The rising cost of college is one of the most critical financial concerns that both parents and college students face today. The average annual cost for an in-state, public four-year college is $20,770 (total tuition, fees, room and board charges). If the student would like to attend college out-of-state or at a private college or university, that average may balloon to over $46,000 annually.

Though tuition and housing are the biggest expenses when heading off to college, it’s important to remember those smaller expenses that also add up; including books, travel (especially if attending college out-of-state), transportation, clothing, and more. When adding college expenses to your already long list of other financial responsibilities, you may find yourself questioning how you can afford to pay for a college education.

As you prepare to send your student off to school and you check the essentials off every list, don’t forget to research the various ways to pay for this life-changing journey.

Consider some of the following ways to pay for school—and those additional expenses:

  • Ask the college for help: Surprisingly, you may be able to barter over the sticker price of college. Students can write a professional, formal appeal letter to the college and then follow-up with the financial aid department. The letter should explain the financial situation of the party involved in paying for their education and any financial circumstances that may have changed since filling out the Free Application for Federal Student Aid (FAFSA).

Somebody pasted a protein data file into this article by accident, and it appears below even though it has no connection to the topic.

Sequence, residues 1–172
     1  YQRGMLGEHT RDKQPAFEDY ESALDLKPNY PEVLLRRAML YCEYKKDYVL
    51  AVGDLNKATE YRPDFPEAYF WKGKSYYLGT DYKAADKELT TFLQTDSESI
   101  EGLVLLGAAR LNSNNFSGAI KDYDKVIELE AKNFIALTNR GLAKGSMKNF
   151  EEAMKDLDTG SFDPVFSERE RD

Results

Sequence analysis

• Work-Study jobs: Work-study jobs are part-time jobs, typically on campus, for eligible students. Undergraduate students earn hourly wages while working these jobs, however, the amount earned can’t exceed what was awarded to the student for the year. If your student doesn’t qualify for work-study, a regular part-time job may be a great opportunity to alleviate some financial stress.
  • Apply for scholarships and grants: Private scholarships from various companies, non-profits, local community, and church groups are plentiful and many times can be awarded by semester, so if scholarships passed you by during the traditional back-to-school blitz, you haven’t missed out entirely. Grants are also a great option as they don’t have to be paid back. Colleges and universities, states, and the federal government award grants determined by income reported on your FAFSA.

In addition to these options, homeowners may also tap into their home equity to lessen the blow of the college price tag. Using a home equity line of credit (HELOC) or home equity loan provides some unique advantages to help pay for college.

  • In some cases, a home equity loan may be easier and faster to obtain – especially if you already have an existing line of credit.
  • The lack of restrictions imposed on a home equity loan compared to that of federal loans benefits homeowners and students alike. The U.S. Department of Education imposes annual loan caps, which may not give your student adequate funds or borrowing power.
  • Home equity loans are typically more affordable than other loans.

A Home Equity Term Loan from First Bank allows you to use the equity in your home to finance a major one-time expense, such as a home remodel, vacation, or even paying for college tuition. Unlike a Home Equity Line of Credit, a Home Equity Loan is borrowing a set amount of money and paying it back in equal monthly amounts. As your student prepares to take that first big step on to campus, remember First Bank can help on the path of their financial future.

Source: College Board, 2017.